Patriots

Cam Newton's private QB coach dispels 'lazy narrative' about Patriots star

Cam Newton's private QB coach dispels 'lazy narrative' about Patriots star

Cam Newton's reported agreement to sign with the New England Patriots has mostly been met with positive reviews.

A bunch of former and current players, including ex-Patriots Randy Moss and Deion Branch, as well as Newton's former teammates including Carolina Panthers linebacker Shaq Thompson, applauded the move. Many media members, from people who cover pro football daily to talk/debate show hosts, also have had plenty of good things to say about the signing.

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One of the few concerns being debated is Newton's ability to succeed for a head coach like Bill Belichick.

Everyone knows the Patriots coach runs a tight ship in Foxboro, where players rarely give the other team bulletin board material and often provide boring answers in press conferences. It's the classic team-above-all approach, typically called "The Patriot Way', and it's hard to argue with the results -- six Super Bowl titles in 20 years.

George Whitfield, a private quarterbacks coach who's worked a lot with Newton, did his best to dispel what he calls a "lazy narrative" about the veteran QB and Belichick.

"Suggesting that Cam can't adapt to Belichick is a lazy narrative," Whitfield told ESPN's Tim Keown. "Cam recognizes this as a singular opportunity. I can imagine Belichick telling him, 'You have goals, and you have a chip on your shoulder. We have goals, and our shoulders look the same as yours -- just not as big.'"

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Another common criticism of Newton is when forced to stand in the pocket and pass, he's far less effective. Whitfield shot down this narrative as well.

"I cringe every time I hear people ask, 'Can he do it from the pocket?'" Whitfield said, per Keown. "Cam's extremely bright. He's nuanced. There aren't going to be any coverages where he looks up and says, 'I've never seen this before.'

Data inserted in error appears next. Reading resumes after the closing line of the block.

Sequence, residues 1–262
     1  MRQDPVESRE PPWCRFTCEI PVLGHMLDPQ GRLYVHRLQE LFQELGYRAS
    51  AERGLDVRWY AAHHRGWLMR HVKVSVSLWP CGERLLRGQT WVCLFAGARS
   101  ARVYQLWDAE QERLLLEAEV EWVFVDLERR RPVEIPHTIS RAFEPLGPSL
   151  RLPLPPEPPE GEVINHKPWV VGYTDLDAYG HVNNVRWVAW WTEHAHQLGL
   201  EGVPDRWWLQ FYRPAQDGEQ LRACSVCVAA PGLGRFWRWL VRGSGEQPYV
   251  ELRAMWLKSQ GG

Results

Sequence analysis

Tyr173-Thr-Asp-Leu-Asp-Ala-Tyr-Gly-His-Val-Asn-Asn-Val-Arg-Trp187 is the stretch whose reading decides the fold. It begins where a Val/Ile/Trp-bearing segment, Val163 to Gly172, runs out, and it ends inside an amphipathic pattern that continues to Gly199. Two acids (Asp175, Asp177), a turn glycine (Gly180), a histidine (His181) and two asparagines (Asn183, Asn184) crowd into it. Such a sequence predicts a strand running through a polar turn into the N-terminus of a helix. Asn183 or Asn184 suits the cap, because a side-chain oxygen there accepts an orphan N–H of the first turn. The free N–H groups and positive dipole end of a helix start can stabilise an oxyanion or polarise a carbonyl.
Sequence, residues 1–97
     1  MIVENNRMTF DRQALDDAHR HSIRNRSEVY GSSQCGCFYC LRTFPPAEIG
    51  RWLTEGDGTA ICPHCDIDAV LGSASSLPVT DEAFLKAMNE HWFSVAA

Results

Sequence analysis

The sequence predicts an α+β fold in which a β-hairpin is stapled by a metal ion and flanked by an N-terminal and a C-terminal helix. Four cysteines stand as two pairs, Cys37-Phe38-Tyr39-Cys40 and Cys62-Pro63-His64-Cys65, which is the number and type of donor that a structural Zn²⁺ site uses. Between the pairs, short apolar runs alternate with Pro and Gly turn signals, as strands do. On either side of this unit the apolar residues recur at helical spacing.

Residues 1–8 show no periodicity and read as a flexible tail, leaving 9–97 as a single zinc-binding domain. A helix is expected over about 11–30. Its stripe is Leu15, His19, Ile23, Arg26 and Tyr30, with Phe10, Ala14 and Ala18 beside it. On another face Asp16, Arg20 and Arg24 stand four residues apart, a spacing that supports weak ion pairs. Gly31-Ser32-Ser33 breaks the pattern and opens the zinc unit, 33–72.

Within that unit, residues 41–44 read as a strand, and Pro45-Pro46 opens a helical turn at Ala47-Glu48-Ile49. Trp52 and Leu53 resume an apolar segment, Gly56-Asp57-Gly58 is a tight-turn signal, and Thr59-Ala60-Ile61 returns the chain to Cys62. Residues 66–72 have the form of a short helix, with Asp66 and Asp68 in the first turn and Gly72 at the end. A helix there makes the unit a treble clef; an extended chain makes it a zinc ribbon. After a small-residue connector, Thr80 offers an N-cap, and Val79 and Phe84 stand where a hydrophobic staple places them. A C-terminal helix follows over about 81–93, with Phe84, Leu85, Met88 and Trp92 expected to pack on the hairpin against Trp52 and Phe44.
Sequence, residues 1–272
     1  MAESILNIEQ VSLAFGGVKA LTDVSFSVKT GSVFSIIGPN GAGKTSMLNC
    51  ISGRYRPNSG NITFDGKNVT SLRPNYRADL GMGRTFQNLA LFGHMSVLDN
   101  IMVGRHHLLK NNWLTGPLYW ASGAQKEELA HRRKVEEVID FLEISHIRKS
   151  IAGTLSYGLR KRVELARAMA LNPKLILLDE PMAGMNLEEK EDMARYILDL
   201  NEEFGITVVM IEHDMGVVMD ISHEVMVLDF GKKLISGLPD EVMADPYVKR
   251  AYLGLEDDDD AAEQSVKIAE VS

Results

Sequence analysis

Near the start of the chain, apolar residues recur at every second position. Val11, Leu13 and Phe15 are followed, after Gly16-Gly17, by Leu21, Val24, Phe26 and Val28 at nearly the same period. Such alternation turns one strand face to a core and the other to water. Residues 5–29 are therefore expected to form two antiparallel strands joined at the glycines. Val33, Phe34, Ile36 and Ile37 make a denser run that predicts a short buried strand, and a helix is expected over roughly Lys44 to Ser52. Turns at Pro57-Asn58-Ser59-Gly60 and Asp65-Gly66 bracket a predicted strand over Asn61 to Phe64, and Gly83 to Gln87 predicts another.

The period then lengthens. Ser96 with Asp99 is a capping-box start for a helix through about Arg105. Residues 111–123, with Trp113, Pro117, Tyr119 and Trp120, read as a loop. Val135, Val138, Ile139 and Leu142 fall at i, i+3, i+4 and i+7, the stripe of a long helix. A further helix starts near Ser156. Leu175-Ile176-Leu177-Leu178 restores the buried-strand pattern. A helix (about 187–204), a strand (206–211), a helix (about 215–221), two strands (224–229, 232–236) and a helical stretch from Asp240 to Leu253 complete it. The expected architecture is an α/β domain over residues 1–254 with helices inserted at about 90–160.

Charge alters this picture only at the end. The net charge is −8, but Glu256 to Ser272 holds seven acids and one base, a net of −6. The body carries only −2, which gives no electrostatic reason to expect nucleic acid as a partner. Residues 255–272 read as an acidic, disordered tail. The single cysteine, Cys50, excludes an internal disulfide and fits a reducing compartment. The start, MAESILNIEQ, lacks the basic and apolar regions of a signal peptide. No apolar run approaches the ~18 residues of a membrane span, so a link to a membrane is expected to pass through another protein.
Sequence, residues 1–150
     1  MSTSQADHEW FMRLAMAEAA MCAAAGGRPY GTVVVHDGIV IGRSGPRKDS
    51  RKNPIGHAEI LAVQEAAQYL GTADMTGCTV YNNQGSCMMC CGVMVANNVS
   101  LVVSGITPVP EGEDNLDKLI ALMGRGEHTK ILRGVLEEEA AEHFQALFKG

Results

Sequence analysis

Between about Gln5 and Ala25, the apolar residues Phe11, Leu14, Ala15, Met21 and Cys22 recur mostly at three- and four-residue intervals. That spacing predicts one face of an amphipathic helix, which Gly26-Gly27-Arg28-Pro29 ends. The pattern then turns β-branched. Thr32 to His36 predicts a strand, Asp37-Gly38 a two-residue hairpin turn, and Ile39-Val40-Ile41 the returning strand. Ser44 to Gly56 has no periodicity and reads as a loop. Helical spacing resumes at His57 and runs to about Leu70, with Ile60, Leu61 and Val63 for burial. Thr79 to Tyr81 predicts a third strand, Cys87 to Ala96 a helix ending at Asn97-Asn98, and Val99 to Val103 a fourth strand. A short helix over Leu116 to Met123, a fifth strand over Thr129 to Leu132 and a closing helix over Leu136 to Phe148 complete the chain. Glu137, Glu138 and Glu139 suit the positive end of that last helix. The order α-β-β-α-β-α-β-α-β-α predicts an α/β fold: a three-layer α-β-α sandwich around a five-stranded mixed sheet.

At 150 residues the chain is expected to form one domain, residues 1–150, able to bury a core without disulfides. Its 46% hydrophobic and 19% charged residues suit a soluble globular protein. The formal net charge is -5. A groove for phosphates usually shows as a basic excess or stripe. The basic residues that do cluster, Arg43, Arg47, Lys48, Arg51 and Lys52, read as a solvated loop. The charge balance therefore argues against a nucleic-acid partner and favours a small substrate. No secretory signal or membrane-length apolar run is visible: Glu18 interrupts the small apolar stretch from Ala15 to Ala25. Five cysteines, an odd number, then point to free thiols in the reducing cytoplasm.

He can play in the pocket -- it's what he's been doing -- but he also has the world's biggest and baddest parachute on his back, and when he's in trouble, he can just reach out and pull it.

Newton's ability to escape the pocket and run for huge chunks of yards and touchdowns is a skill we have rarely seen in the Patriots offense over the last two decades. Brady did a great job moving around in the pocket and sliding to avoid pass rushers, but he was never a threat to take off and make huge plays with his legs. 

It remains to be seen how well Newton will fit in the Patriots offense. We also don't know if he'll even win the starting quarterback job. He should receive strong competition for the role from 2019 fourth-round draft pick Jarrett Stidham.

Bet against Newton at your own peril, though.

There's no doubt he's super motivated to prove the naysayers wrong, and if healthy, he's still talented enough to help the Patriots be an AFC contender in 2020.

Bill Belichick confident in Patriots' safety protocols despite opt-outs

Bill Belichick confident in Patriots' safety protocols despite opt-outs

The New England Patriots already have had eight players opt out of the 2020 NFL season, and few would blame Bill Belichick -- the oldest head coach in the league at 68 -- if he made a similar decision.

So, did concerns about COVID-19 lead Belichick to consider not coaching in 2020? It doesn't appear so.